Police chairman caught in dodgy deal – what the corporate media forgot to tell you

Mick Meaney, rinf.com |

Another fine example of how the establishment are only interested in preserving and advancing their own power.

Last week the corporate media reported that Mike Bull, chairman of the Devon and Cornwall police authority, had breached data protection laws so he could send unsolicited emails – that’s right, spam, to police officers urging them to vote for his preferred police crime commissioner candidate in the up-coming election.

Now, here’s what the corporate media didn’t tell you – the real reason why Mike Bull stole private information and sent those emails.

Brian Greenslade, who is Mike Bull’s preferred candidate, had promised to appoint him as his deputy if elected.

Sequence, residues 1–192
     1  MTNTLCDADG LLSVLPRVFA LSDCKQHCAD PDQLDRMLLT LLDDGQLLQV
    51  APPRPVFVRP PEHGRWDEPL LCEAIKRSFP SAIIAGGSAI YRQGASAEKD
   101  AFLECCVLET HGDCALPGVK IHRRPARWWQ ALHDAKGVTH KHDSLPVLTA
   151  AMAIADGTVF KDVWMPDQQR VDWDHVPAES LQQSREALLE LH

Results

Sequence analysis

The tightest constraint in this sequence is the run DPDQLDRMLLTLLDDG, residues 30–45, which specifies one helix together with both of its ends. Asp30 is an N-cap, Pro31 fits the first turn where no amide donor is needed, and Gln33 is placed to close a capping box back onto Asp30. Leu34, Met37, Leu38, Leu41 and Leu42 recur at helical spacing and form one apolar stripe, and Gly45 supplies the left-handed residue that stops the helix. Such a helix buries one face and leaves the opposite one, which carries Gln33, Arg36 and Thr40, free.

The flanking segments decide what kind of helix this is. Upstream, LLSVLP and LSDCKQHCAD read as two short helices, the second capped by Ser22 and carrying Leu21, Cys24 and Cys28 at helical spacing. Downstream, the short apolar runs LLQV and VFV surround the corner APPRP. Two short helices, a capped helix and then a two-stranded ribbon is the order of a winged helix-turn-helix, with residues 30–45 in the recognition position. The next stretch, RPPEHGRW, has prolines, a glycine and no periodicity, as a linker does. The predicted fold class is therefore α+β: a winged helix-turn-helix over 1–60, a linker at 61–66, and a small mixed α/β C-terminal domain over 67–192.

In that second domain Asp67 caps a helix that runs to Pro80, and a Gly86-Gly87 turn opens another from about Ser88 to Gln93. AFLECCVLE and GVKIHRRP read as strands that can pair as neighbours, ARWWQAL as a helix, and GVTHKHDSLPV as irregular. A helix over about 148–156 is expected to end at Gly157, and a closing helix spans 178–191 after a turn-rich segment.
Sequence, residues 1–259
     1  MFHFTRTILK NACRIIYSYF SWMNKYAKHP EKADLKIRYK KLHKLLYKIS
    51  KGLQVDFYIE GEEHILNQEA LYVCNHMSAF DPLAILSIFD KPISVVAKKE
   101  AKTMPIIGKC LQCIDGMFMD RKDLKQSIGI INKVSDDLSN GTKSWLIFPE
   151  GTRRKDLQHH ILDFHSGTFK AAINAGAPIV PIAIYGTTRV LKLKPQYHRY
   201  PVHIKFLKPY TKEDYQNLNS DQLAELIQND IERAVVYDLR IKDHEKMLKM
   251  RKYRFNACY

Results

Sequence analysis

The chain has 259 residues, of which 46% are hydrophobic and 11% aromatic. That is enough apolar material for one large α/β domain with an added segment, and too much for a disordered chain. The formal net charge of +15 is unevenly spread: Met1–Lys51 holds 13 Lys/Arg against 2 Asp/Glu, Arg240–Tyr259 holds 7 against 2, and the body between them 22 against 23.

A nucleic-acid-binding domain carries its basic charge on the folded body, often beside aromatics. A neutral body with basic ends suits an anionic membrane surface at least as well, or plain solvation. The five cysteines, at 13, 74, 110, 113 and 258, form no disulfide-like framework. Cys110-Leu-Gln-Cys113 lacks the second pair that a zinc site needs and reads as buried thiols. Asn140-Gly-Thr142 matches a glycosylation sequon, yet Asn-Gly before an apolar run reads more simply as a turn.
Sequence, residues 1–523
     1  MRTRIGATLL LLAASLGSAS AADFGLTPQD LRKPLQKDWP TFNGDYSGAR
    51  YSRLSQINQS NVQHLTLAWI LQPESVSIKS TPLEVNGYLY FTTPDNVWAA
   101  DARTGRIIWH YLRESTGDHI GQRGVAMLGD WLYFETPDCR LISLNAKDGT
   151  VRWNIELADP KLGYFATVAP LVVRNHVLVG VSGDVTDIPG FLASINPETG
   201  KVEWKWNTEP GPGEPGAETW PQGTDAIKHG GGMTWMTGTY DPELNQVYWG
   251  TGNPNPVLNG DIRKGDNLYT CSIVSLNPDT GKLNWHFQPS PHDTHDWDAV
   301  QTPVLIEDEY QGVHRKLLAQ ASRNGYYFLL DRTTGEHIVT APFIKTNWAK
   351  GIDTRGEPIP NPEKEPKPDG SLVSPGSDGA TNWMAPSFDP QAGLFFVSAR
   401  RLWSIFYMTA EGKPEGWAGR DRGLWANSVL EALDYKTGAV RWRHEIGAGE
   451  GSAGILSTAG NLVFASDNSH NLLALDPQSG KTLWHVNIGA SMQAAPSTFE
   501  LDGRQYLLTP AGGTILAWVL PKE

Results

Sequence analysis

Yep, you read that right folks.

It appears that Bull asked police officers to vote for Greenslade in order to secure a cushy position for himself.

But wait, surely a respected and upstanding member of society like a police chairman would never abuse his position of authority to breach data protection laws to influence the actions of his colleagues, right?

Well, a formal complaint made on behalf of “furious” police officers was made to  the Information Commissioner, by former Culture Secretary Ben Bradshaw.

In his email, Mr Bradshaw had “serious questions about a possible misuse of police data for the purpose of electioneering and about the security of that data in the first place.”

And the “official” response from Devon and Cornwall Police?

“Because the e-mail was sent in a personal capacity, no further action was necessary.”

No really, it seems that if you’re the chairman of a police force then it’s perfectly legal to steal data, make dodgy deals and use your position of authority to swing police elections.

This would be funny if it didn’t reflect the culture of ‘scratch my back and I’ll scratch yours’, right across the establishment.